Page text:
Federal appeals court nominee withdraws in rare judicial defeat for Biden
WASHINGTON (AP) — In a rare judicial defeat for President Joe Biden, Michael Delaney is withdrawing his nomination for the Boston-based 1st U.S. Circuit Court of Appeals, according to a letter he sent to the White House on Thursday.
“At this time, I believe it is appropriate for me to withdraw my name from consideration for this position to advance the important work of the federal judiciary,” he wrote in the letter, obtained by The Associated Press.
In a statement, White House spokesman Andrew Bates said the White House would consult with New Hampshire’s two senators, Democrats Jeanne Shaheen and Maggie Hassan, to find a new nominee. Both had strongly supported Delaney.
“President Biden put forward a deeply qualified nominee, with a long and distinguished career in public service,” Bates said.
Delaney’s nomination lacked the needed votes in the Senate Judiciary Committee, said two people familiar with the confirmation process who spoke on condition of anonymity to describe internal dynamics.
Democrats’ inability to secure the necessary votes both in the committee and on the floor is partly due to concerns over a legal brief on abortion that Delaney signed as deputy attorney general in New Hampshire. The brief defended a parental notification law in the state.
Delaney also faced scrutiny of his representation of St. Paul’s School, a private boarding school in New Hampshire that was sued in connection with a sexual assault.
Delaney said in written testimony to senators that he did not write the 2005 abortion brief and otherwise had “extremely limited involvement” in the case that was brought while he was deputy attorney general in New Hampshire. But he was never able to gain the support of enough Democrats to win approval in the committee, on which Democrats have a narrow one-vote margin.
Delaney’s nomination was held up for months as California Sen. Dianne Feinstein, D-Calif., was absent and Democrats could not move any party-line nominees through the committee. But it became clear last week, upon Feinstein’s return, that Delaney did not have enough Democratic votes to move forward.
The committee chairman, Sen. Dick Durbin, D-Ill., declined to hold a vote on Delaney’s nomination as the panel considered other nominees. He then skipped over Delaney again this week when the committee met on Thursday.
After last week’s meeting, Durbin said the votes weren’t yet there.
“It wasn’t the right moment,” Durbin said last week of Delaney. “We’ll see.”
Delaney would be the first of Biden’s judicial nominees to fail due to a clear lack of support from the full Senate. The White House has continued to back him despite the scrutiny, along with Shaheen and Hassan.
In a joint statement, Shaheen and Hassan said they strongly supported him and “know personally his strong character and commitment to justice.”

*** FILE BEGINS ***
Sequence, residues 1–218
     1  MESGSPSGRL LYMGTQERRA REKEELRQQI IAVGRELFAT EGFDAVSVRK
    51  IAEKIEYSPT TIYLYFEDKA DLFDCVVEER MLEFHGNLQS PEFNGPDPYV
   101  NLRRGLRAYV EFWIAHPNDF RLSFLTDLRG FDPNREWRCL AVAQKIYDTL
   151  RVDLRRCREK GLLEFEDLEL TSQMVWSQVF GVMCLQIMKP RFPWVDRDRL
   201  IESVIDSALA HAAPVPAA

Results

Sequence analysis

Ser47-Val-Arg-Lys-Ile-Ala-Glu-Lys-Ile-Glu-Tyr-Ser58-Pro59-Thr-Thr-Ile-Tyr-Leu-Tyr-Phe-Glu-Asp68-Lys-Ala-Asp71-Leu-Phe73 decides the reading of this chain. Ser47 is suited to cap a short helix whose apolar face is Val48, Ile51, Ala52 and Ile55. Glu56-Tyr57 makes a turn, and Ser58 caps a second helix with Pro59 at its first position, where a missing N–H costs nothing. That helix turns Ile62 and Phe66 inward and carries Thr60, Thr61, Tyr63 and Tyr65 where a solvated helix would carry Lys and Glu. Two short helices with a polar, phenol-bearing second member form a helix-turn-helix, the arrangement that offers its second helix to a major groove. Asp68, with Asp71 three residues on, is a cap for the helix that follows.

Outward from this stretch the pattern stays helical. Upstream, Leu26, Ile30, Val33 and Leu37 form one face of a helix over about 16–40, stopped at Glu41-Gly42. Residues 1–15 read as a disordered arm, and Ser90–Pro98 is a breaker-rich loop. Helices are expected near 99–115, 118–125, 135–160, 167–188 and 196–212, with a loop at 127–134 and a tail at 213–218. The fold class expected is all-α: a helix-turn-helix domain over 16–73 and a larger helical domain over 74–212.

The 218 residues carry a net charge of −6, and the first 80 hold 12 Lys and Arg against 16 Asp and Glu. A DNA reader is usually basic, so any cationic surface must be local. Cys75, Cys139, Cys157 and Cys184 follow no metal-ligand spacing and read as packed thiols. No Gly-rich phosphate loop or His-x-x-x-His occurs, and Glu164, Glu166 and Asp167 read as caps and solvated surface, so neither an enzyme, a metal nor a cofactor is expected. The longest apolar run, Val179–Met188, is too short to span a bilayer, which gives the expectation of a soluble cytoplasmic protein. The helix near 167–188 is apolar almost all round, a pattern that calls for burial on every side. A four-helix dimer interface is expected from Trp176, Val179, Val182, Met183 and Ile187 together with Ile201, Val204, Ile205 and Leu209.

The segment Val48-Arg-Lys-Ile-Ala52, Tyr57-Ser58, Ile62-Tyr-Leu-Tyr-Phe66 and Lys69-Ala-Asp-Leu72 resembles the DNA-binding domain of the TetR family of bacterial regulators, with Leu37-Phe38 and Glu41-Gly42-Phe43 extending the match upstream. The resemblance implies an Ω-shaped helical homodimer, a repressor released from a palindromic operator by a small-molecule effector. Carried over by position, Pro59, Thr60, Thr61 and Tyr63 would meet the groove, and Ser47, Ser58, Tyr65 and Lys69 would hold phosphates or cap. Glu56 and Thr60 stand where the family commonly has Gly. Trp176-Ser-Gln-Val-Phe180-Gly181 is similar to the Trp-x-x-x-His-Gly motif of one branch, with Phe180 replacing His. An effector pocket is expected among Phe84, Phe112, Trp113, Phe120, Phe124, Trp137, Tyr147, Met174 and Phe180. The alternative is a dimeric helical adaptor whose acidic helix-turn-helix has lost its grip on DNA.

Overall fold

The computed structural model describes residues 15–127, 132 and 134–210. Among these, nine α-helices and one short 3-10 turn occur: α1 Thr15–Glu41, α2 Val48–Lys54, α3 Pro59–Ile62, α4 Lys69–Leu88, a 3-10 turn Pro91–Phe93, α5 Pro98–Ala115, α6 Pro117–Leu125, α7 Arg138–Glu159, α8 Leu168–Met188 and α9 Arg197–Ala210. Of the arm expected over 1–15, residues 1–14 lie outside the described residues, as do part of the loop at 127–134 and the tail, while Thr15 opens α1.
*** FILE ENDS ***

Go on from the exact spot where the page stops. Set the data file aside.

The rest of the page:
“We disagree with the criticism that has been leveled against him, and we are disappointed that it got in the way of confirming a highly qualified individual,” the senators said.
In his letter to Biden, Delaney wrote that he was “honored” by the nomination and added that he was “deeply indebted” to the support from his home-state senators.
Despite the New Hampshire senators’ support, multiple Democrats on the committee were undecided as of this week, according to a person familiar with the process.
Democratic Sens. Richard Blumenthal of Connecticut, Mazie Hirono of Hawaii and Cory Booker of New Jersey had all indicated that they were undecided in recent months.
“For me personally, reproductive rights is a fundamental, core issue,” Blumenthal told The Associated Press in March. “And I think I’d want to know why he put his name on the brief and what it reflects in his personal view.”
At issue is a New Hampshire law, passed in 2003 but repealed in 2007, that required minors to tell their parents before they obtained an abortion. As the state’s deputy attorney general, Delaney was among those who signed a brief submitted to the U.S. Supreme Court that defended the law because it “does not present a substantial obstacle to any woman’s right to choose an abortion.”
The law, according to the brief filed in the case, Ayotte vs. Planned Parenthood of Northern New England, “promotes compelling state interests, not the least of which is protecting the health of the pregnant minor by providing an opportunity for parents to supply essential medical history information to the physician.”
Biden nominated Delaney for the appeals court in January, almost a year after Shaheen’s office first contacted him to discuss filling the vacancy. Since then, Shaheen and Hassan have been Delaney’s biggest patrons, despite a rocky confirmation hearing that even Democrats say did not go well for him after he faced repeated questions from Republican senators who attacked his handling of the St. Paul’s case.
At Thursday’s committee meeting, Durbin was quiet on Delaney’s nomination and faced criticism from some Republicans.
South Carolina Sen. Lindsey Graham, the top Republican on the committee, said the parents of the victim involved in the boarding school litigation had come to the committee “continuously” and that Delaney had not sufficiently answered questions about that case.
“I understand and share their concerns,” Graham said. “I urge the Biden administration to withdraw Mr. Delaney’s nomination.”
Delaney told the committee that he had had “limited involvement” as a lawyer in the criminal case, in which a former student was eventually sentenced to a year in prison for sexually assaulting another student. Delaney said he was instead part of a team of “advocates for the school” who responded to civil claims filed by the family.
The expectation of Delaney’s withdrawal was first reported by Bloomberg Law.
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